Saltatio Mortis -

Medieval Metal - one of the more elusive, even exclusive, subgenres in metal, generating responses ranging from rapturous praise from its albeit relatively few diehard followers to the possibly more common “medieval what?!” Falling into the latter category and taking it one step further by questioning “why?” it’s quite easy to dismiss this lesser known and oft misunderstood branch on the metal family tree as anything from a joke to just plain shit. However, if one bothers to move beyond the sometimes cheesy aesthetics and the fusion of traditional metal instruments such as guitars, bass and drums with medieval and folk instruments like the hurdy gurdy, lute and bag pipe, one will discover that the individuals behind the music display the same uncompromising devotion to experimentation and inherent disregard for writing songs that may appeal to a more mainstream audience which has been at the heart of metal since four lads from Birmingham downtuned their guitars and embraced the Devil’s note all those years ago.

Saltatio Mortis - a reference to Death’s portrayal in medieval art - are a medieval metal/rock band hailing from Germany who formed nine years ago after meeting at a medieval fair, brought together by their common love of folk music. A steady stream of releases through Napalm Records has followed with a few line-up changes along the way, and their ninth and most recent album “Wer Wind Saet” (“He Who Sows The Wind” apparently) is for people who want to hear what the middle ages may have sounded like had it been electrified.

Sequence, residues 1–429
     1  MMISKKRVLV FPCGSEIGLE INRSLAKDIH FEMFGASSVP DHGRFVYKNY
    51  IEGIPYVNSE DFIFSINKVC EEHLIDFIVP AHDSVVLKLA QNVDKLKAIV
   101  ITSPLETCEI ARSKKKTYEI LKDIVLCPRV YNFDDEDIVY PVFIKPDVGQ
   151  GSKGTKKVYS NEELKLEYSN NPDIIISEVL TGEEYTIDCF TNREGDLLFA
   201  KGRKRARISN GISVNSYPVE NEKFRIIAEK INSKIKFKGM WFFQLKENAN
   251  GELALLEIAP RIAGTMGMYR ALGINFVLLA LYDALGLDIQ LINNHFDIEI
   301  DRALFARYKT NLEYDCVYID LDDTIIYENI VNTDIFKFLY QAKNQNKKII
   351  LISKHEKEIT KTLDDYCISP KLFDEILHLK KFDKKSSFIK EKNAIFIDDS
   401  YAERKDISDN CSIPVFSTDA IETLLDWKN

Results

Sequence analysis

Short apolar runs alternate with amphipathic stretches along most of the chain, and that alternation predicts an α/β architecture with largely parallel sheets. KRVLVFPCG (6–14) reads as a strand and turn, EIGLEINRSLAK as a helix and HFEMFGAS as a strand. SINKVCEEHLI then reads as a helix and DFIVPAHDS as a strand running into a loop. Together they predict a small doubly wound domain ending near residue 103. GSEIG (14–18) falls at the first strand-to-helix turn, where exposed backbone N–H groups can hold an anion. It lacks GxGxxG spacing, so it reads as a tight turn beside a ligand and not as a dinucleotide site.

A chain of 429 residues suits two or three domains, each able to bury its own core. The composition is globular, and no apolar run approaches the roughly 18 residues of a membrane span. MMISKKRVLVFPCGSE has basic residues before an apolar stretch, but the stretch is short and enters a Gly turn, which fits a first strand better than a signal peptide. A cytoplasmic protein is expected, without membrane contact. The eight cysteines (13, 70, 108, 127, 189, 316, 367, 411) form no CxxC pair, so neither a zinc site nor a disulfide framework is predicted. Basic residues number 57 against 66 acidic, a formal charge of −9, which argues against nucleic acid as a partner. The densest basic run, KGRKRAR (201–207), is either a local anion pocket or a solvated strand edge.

There’s a certain theatricality and extravagance that goes along with any of metal’s slightly more eccentric offspring i.e. the Battle, Viking and Folk metals of the world, each of them influenced in varying degrees by melodic death, power, and black metal, and drawing upon tales of yore for thematic and lyrical content. In the case of Saltatio Mortis and their most recent album the result is a mixed bag of mostly mid-tempo ditties sung in their native German, combining the vast array of instruments at their disposal and seamlessly weaving them together to transform what sound like medieval folk songs into epic tales, the hurdy gurdy and bag pipe in particular adding an extra dimension to the music, both instruments playing an effective counterpoint to the guitars.

Repetitious, OD’ing on nostalgia, and not at all ground breaking, “Wer Wind Saet” isn’t about to change the minds of metal fans who view Medieval metal and its ilk as non-compulsory listening, but judging by the number of German festivals these guys play and the regularity with which they release records, fans don’t seem to be in short supply.